After installing 11.4 on external hard disk, no booting from primary disk

Hello,

I have a laptop, with Suse 11.4 installed and Windows 7, on hda.

Now I got an external hard drive (hdc), and I installed also Suse 11.4 there (hdc1 - hdc3); there was an initial question about it:
How can I install a new independent Suse 11.4 on a second hard disk? (swap problem) - Page 2
but that is likely no longer relevant.

The installation process installed the boot-loader on hda. So well, seemed necessary to me
(though I would have preferred not to mess at all with hda; see below for further comments).
Summarising the boot process before installation, it just mentioned the typical two Suse boot-entries
plus the two windows-entries. This looked suspicious, no mentioning about the old Suse on hda and
how to boot that, but it also mentioned “boot order: first hda, then hdc”, and so I hoped the boot process
would enable me to choose between hda and hdc, and just maintaining for sda the old boot capabilities
(4 different kernel versions, plus windows). But that was not the case, and apparently the old boot-sequence
has been just erased and replaced.

So now I need to add the boot option for the Linux’s on sda. Going to Boot Loader Settings in Yast
(this all happens with the newly installed system, on hdc; no access to hda except of reading the
files).
I have to add something. “Image Section” and “Other Systems” might be appropriate. But instead of
starting with “Image Section” from scratch, perhaps better to clone and modify something — however
I don’t see how to tell the system that the action takes place on sda ?!
“OtherSystem” apparently only offers sda3 (where the boot-information should be), but then there is not much
to say, just to set the “block offset”. Now I guess the old boot-information was destroyed by the installation
(which I think shouldn’t happen), and thus this won’t work, I guess?

Perhaps I have to copy the original information from yast in sda?
According to
SDB:Installation on external hard drive - openSUSE
one should proceed like that. Unfortunately, that page doesn’t
give information on how to do that outside of the boot process.
Inside the boot process, I saw no chance to use that page, since
I can’t see the page, don’t have access to any information other than
what the boot-process allows (just clicking on some buttons), and
finally, I assumed the installation process would be reasonable, knowing
that there is already a Suse-Linux, and if it would disable accesss to the
old Suse, the process would warn me about that
It is also not clear to me whether the above page is still relevant (up-to-date).

But mainly the task should be easy now, since I have still the old grub/yast-etc.
information, and I just needed to transfer/add this information.

Hope this problem can be fixed.

Thanks for your attention!

Oliver

Further investigations:

On sdc (the secondary hard disk):


linux-dta1:/boot/grub # more device.map
(hd0)   /dev/disk/by-id/ata-WDC_WD5000BEVT-75A0RT0_WD-WXB1A60V9698
(hd1)   /dev/disk/by-id/usb-WD_Ext_HDD_1021_5743415A4134363439323938-0:0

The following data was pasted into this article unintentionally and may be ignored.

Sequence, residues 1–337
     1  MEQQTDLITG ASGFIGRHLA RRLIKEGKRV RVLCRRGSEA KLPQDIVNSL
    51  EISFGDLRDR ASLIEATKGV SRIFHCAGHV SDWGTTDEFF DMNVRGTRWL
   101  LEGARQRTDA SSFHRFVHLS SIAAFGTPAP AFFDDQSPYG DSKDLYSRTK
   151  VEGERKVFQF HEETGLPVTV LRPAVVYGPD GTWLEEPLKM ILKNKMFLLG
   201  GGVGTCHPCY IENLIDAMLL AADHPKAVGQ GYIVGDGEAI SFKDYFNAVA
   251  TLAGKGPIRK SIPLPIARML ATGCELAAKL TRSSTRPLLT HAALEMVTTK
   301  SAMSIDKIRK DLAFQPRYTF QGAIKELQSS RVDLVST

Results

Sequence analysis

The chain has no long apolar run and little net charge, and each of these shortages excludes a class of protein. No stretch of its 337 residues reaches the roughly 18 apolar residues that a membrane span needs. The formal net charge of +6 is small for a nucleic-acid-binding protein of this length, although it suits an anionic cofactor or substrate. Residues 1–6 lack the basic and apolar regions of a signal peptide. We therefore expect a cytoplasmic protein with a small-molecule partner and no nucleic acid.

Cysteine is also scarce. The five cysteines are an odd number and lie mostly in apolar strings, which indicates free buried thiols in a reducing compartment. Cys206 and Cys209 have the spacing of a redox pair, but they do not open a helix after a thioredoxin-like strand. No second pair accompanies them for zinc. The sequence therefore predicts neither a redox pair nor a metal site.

On sda (the primary hard disk):


linux-dta1:/media/33d4f3d1-1a52-450f-80cc-7f5f823d03f6/boot/grub # more device.map
(hd0)   /dev/disk/by-id/ata-WDC_WD5000BEVT-75A0RT0_WD-WXB1A60V9698

That looks good to me: The new installation extended the old one. So linux-dta1:/boot/grub/device.map
seems correct to me.

Then apparently all what needs to be done is to change menu.lst?! First on sdc:


linux-dta1:/boot/grub # cat menu.lst
# Modified by YaST2. Last modification on Fri Aug  5 09:34:40 BST 2011
# THIS FILE WILL BE PARTIALLY OVERWRITTEN by perl-Bootloader
# Configure custom boot parameters for updated kernels in /etc/sysconfig/bootloader
default 0
timeout 8
gfxmenu (hd1,1)/boot/message
###Don't change this comment - YaST2 identifier: Original name: linux###
title Desktop -- openSUSE 11.4 - 2.6.37.6-0.7
    root (hd1,1)
    kernel /boot/vmlinuz-2.6.37.6-0.7-desktop root=/dev/disk/by-id/usb-WD_Ext_HDD_1021_5743415A4134363439323938-0:0-part2 resume=/dev/disk/by-id/usb-WD_Ext_HDD_1021_5743415A4134363439323938-0:0-part1 splash=silent quiet showopts vga=0x317
    initrd /boot/initrd-2.6.37.6-0.7-desktop
###Don't change this comment - YaST2 identifier: Original name: failsafe###
title Failsafe -- openSUSE 11.4 - 2.6.37.6-0.7
    root (hd1,1)
    kernel /boot/vmlinuz-2.6.37.6-0.7-desktop root=/dev/disk/by-id/usb-WD_Ext_HDD_1021_5743415A4134363439323938-0:0-part2 showopts apm=off noresume edd=off powersaved=off nohz=off highres=off processor.max_cstate=1 nomodeset x11failsafe vga=0x317
    initrd /boot/initrd-2.6.37.6-0.7-desktop
###Don't change this comment - YaST2 identifier: Original name: windows 1###
title windows 1
    rootnoverify (hd0,0)
    chainloader +1
###Don't change this comment - YaST2 identifier: Original name: windows 2###
title windows 2
    rootnoverify (hd0,1)
    chainloader +1

And on sda:


linux-dta1:/media/33d4f3d1-1a52-450f-80cc-7f5f823d03f6/boot/grub # cat menu.lst
# Modified by YaST2. Last modification on Sun Jul 31 02:17:01 BST 2011
# THIS FILE WILL BE PARTIALLY OVERWRITTEN by perl-Bootloader
# Configure custom boot parameters for updated kernels in /etc/sysconfig/bootloader
default 6
timeout 8
gfxmenu (hd0,5)/boot/message
##YaST - activate
###Don't change this comment - YaST2 identifier: Original name: linux###
title Desktop -- openSUSE 11.4 - 2.6.39.3-0.5
    root (hd0,5)
    kernel /boot/vmlinuz-2.6.39.3-0.5-desktop root=/dev/disk/by-id/ata-WDC_WD5000BEVT-75A0RT0_WD-WXB1A60V9698-part6 resume=/dev/disk/by-id/ata-WDC_WD5000BEVT-75A0RT0_WD-WXB1A60V9698-part5 splash=silent quiet showopts vga=0x317
    initrd /boot/initrd-2.6.39.3-0.5-desktop